On A-side Crest Of a Wave they come off all seasonal, like, with a soft focus dream sequence of lilting chimes and nifty harp melded with Brenda’s nutmeg-scented coos and wistful blasts of her melodica to spellbinding effect.
B-side, they take that vibe upstairs with Basso growling Barry White, and Brenda all coy, glyding on a walking soul bassline and velveteen Fender Rhodes with a gentle smack of Italian library music.
Heads will melt for this one.
Ideal throw a total curveball with Vanligt Folk’s doomdub body music mutations on Palle Bondo, where the Oslo/Gothenburg trio drop their punk leanings in favour of a stark sound lodged somewhere between Mika Vainio, CS + Kreme, Fever Ray, Toresch, and even Autechre - TIPPED!!!
The origins of the record are a bit cryptic and personal, which perhaps prompted the abrupt switch from their earlier styles to this, a more grown-up and pointed set of songs that vent their worries in a coolly gripping and cryptic style - not least because we can’t translate their Swedish lyrics.
However, it’s not difficult to comprehend their music - a starkly spacious but invitingly introspective sound whose icy exterior is belied by a quietly seething rage against socio-political and medical convention. In the first song, that comes out as a subtly warped take on Scando ambient dub in Kostymfest/Sken Av Palmpsalmighet, whose combo of looming darkside pads, torchlit croon and pendulous snare cracks uncannily recalls a munted Toresch, before Är Du Min Dotters Ängel plumbs a cyberpunk dancehall style somewhere to the shadier side of Fever Ray and Simone Trabucchi’s STILL.
Curiosity is only heightened on the flipside with Nipt/Gensangerin, where the vocals unavoidably conjure direct comparison with Karin Dreijer, but against a mystic synth backdrop redolent of that recent, amazing Laszlo Hortobagyi reissue, then calving off into a sumptuous mid-section of swooping subbass contours, dembow drums and pointillist hooks like something from Equiknoxx, only to finish with a wicked sample of Autechre’s Piezo strapped to gremlin vocals and spectral horror flick sounds on Mer Än Normal.
Don't miss this one.
Mr Robot’s Emmy winning (and three times nominee) composer Mac Quayle improves on perfection with this latest instalment of music from the critically acclaimed hit TV series ‘Mr Robot: Season 2’.
Mac Quayle’s previous credits include ‘Drive’, ‘Only God Forgives’ and ‘Spring Breakers’ with Cliff Martinez.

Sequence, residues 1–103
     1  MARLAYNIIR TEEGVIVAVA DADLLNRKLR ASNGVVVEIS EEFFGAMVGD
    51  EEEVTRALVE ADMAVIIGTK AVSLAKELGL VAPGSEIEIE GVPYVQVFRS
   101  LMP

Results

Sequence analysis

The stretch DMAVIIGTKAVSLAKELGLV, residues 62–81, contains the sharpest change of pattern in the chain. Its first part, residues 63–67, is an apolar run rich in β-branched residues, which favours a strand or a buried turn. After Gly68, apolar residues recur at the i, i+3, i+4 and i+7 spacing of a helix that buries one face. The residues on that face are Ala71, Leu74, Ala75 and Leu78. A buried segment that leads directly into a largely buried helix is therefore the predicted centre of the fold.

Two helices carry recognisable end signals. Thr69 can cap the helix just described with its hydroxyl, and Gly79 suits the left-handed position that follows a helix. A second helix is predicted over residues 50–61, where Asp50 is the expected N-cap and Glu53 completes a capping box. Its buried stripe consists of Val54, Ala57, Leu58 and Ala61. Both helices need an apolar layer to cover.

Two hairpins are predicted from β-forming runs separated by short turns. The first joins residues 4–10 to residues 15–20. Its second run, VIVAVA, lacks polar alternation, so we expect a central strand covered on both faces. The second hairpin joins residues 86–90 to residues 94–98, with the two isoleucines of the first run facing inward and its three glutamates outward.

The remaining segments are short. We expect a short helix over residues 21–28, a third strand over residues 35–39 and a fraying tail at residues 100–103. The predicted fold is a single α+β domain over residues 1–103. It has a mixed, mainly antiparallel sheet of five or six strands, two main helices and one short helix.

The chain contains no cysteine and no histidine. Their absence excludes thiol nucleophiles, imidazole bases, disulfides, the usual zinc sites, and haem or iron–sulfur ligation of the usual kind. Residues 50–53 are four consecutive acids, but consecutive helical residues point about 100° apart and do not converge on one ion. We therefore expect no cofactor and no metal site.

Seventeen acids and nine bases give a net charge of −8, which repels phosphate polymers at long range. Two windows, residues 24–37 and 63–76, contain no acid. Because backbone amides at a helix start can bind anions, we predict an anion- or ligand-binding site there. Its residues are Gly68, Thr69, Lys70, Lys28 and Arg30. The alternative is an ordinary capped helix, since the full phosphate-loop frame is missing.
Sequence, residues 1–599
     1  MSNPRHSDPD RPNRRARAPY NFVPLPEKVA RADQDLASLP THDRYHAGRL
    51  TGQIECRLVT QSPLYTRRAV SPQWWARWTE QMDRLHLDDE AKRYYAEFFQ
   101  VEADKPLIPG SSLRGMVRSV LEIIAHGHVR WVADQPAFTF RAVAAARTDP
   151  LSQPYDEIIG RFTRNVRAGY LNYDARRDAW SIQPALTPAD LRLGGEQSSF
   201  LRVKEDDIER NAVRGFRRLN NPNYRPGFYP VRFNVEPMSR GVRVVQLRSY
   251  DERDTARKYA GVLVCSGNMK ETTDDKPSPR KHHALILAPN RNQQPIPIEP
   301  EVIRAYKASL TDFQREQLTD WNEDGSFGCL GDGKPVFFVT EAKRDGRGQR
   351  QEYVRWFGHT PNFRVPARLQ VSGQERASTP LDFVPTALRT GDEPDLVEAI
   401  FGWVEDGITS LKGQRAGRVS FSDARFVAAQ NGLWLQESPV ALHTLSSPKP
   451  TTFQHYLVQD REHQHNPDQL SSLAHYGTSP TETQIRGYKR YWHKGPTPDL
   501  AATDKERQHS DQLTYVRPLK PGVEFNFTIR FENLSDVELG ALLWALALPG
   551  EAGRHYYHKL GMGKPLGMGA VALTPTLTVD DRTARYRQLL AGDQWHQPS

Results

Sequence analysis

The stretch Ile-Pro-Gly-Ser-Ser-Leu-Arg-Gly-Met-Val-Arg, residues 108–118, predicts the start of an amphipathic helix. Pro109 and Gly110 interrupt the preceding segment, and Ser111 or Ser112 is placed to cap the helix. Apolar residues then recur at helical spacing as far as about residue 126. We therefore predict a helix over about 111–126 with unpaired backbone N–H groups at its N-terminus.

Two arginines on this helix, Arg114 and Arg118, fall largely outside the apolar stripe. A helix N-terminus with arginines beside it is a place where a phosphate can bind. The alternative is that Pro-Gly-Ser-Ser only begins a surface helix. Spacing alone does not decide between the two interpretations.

Juan Atkins’ archetypal Detroit electro staple No UFO’s, reissued in its original forms, and now backed with new, exclusive Moodymann and Luciano remixes.
The OG No UFO’s was first issued on Metroplex in 1985 and appears here in original vocal and instrumental mixes on the single-sided 1st disc - both seminal entires in the 313 hall of fame.
On the 2nd disc Moodymann puts an inimitably jazzy, dreamy spin on No UFO’s, seemingly taking it from the D on vacation to the Bermuda triangle, replete with seaside sounds and lush alien jazz chord interceptions, while Luciano turns it into a springy, rolling, minimal tech house track.
‘The Greatest Gift’ is a mixtape of outtakes, remixes and demos from Sufjan’s 2015 album ‘Carrie & Lowell’. This collection serves as a companion piece to the ‘Carrie & Lowell Live’ album (and as an expansion to the original album).
"In the same way the live show featured re-interpretations of the songs from ‘Carrie & Lowell’, the mixtape unveils new remixes by several longstanding collaborators including Roberto C. Lange (aka Helado Negro), Thomas Bartlett (aka Doveman) and James McAlister (aka 900X). The album also features Sufjan’s own remix of ‘Drawn To The Blood’.
‘The Greatest Gift’ features four previously unreleased new songs, ‘official’ outtakes from ‘Carrie & Lowell’ (they were recorded at the same time as the album). These include ‘Wallowa Lake Monster’, ‘The Hidden River Of My Life’, ‘City Of Roses’ and ‘The Greatest Gift’. This new material, in its investigation of love, life, death, God and the beautiful state of Oregon, serves as a contemplative companion to the original album."
Mosca barrels out on a proper, acidic UK steppers flex with the sprung dubs of Prento Version and Fever Version for Lavalava Records, a new facet of Bristol’s Rewind-Forward squadron.
A-side gives up the the bone dry drums, singeing melodica leads and acid-etched bassline of Prento Version inna Jah Shaka’s style, tucked with sparing but well placed horror-movie synth vamps and spaced out to the max with corkscrewing, range-finding FX.
B-side is Fever Version, a slow burner from backa the echo chamber, run ruddy and mutant like a long lost Jammy’s digi nugget produced on a prototypical, bio-organic Casio keyboard that runs off mashed hard food and marijuana.